NOTEBOOK: Boston botanist helps Brenton Arboretum plan future
PERRY BEEMAN Aug 7, 2019 | 3:09 pm
1 min read time322 wordsBusiness Record Insider, The Insider Notebook
Last week the “keeper of the living collections” stopped by the Brenton Arboretum near Dallas Center for a visit with philanthropist and former Brenton Banks exec Buz Brenton, arboretum board chairman Mike Simonson and other leaders.
That sounds like an almost biblical title, but basically Boston-based horticulturist Michael Dosmann, a graduate of Iowa State University, is around to protect species and guard against extinction. He watches over Harvard’s Arnold Arboretum but also is well-versed in the range of tree species across the United States.
Brenton, whose family established the arboretum near Adel, asked Dosmann to stop by, walk the grounds and help the board check to see if its recently recast master plan is on the right track. Dosmann liked what he saw.
Many of you may not know about Brenton Arboretum. It’s a bit north of Hickman Road between Adel and Waukee. First, it is home to at last two staggering bits of botanical trivia: It has the biggest collection of Kentucky coffeetrees in the world, and its Osage orange (hedge apple) collection got a big boost when arboretum General Manager Andy Schmitz visited Springfield, Ill., to get a cutting from a tree that overlooked the funeral procession for assassinated President Abraham Lincoln. “The people aren’t around, but the plants are here to bear witness to this important event,” Dosmann said.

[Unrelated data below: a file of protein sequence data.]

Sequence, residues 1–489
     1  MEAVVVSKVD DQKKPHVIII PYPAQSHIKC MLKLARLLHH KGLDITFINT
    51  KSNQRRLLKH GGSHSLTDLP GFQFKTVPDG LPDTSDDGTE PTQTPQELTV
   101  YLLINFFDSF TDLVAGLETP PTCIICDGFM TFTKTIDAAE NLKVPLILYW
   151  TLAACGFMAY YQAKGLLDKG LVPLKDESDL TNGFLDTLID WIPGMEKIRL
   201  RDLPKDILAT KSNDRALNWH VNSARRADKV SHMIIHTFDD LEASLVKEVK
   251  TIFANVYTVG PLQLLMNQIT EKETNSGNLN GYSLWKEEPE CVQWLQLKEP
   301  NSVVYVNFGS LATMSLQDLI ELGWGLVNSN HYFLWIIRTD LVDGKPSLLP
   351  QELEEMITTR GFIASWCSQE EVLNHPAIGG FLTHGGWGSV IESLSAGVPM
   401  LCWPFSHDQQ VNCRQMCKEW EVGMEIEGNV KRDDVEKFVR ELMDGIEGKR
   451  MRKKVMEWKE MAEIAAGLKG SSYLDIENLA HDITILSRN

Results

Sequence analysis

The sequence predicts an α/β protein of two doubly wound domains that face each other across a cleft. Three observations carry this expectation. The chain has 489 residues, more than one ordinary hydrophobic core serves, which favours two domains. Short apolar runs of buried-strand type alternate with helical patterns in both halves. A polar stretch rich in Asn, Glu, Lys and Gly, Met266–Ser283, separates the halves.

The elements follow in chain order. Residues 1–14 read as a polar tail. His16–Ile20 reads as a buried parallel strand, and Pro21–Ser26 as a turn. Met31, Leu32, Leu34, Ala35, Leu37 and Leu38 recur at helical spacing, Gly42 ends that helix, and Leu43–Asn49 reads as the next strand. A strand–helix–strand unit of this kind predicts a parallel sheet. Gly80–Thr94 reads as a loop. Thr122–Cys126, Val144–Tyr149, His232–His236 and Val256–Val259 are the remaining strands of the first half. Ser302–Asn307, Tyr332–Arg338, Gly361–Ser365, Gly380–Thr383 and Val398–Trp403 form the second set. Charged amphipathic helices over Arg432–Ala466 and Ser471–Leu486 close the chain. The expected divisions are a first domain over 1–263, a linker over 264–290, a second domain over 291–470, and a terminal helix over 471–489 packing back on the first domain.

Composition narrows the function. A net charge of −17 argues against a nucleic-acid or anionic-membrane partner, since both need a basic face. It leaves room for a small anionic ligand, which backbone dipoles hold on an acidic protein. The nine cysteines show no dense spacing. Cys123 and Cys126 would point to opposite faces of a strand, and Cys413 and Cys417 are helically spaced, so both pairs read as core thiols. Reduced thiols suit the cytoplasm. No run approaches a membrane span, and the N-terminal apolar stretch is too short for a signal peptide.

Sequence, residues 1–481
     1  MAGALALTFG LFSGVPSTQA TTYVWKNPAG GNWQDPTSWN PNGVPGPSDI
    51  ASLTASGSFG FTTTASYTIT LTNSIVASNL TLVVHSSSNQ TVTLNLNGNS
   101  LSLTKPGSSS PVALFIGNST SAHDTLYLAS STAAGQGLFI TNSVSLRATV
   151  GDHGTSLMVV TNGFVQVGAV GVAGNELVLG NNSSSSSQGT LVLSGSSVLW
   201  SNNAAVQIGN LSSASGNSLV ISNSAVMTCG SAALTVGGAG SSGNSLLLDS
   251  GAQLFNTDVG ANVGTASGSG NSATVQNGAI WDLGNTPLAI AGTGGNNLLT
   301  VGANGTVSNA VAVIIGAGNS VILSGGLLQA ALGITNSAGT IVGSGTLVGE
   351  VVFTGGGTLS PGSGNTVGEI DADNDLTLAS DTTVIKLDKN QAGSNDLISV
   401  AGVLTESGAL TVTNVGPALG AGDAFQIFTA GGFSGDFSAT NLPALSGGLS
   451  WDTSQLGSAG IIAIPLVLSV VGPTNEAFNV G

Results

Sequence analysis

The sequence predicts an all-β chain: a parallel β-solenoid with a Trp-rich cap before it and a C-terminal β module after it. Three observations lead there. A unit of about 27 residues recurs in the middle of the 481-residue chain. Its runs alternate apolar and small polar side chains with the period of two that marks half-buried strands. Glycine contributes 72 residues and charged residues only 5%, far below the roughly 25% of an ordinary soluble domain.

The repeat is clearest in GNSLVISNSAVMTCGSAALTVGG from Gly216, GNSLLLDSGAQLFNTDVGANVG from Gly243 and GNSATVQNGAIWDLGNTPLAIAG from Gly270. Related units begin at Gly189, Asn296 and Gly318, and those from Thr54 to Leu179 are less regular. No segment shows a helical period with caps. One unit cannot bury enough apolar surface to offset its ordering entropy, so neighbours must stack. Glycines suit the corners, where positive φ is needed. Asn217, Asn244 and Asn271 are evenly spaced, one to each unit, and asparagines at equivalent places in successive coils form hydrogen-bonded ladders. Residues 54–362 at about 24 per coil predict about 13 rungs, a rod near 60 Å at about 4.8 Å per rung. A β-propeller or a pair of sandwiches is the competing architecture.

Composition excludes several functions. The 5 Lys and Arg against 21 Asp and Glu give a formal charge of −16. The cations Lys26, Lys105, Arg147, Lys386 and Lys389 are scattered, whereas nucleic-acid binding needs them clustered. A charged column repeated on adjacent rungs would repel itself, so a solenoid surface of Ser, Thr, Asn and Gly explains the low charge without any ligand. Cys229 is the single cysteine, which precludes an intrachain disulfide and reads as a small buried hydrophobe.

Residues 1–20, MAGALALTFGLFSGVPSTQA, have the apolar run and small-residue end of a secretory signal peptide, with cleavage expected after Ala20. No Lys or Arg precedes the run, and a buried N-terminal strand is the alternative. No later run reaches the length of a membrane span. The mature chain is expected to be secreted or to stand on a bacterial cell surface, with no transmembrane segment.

Dosmann was in town as much to inspire as anything else. “You’ve got all your values and the types of themes that you prioritize and how does that coalesce around a certain type of plan or set of plans that you want to grow in. It’s a nice mix. You’ve got some breadth and some depth.” He was particularly impressed by the collection of coffeetrees and crabapple trees, which come from diverse specimens from across their range.
Brenton [www.thebrentonarboretum.org] has 2,200 trees and shrubs representing 468 species. Admission to the arboretum at 25141 260th St., Dallas Center, is free.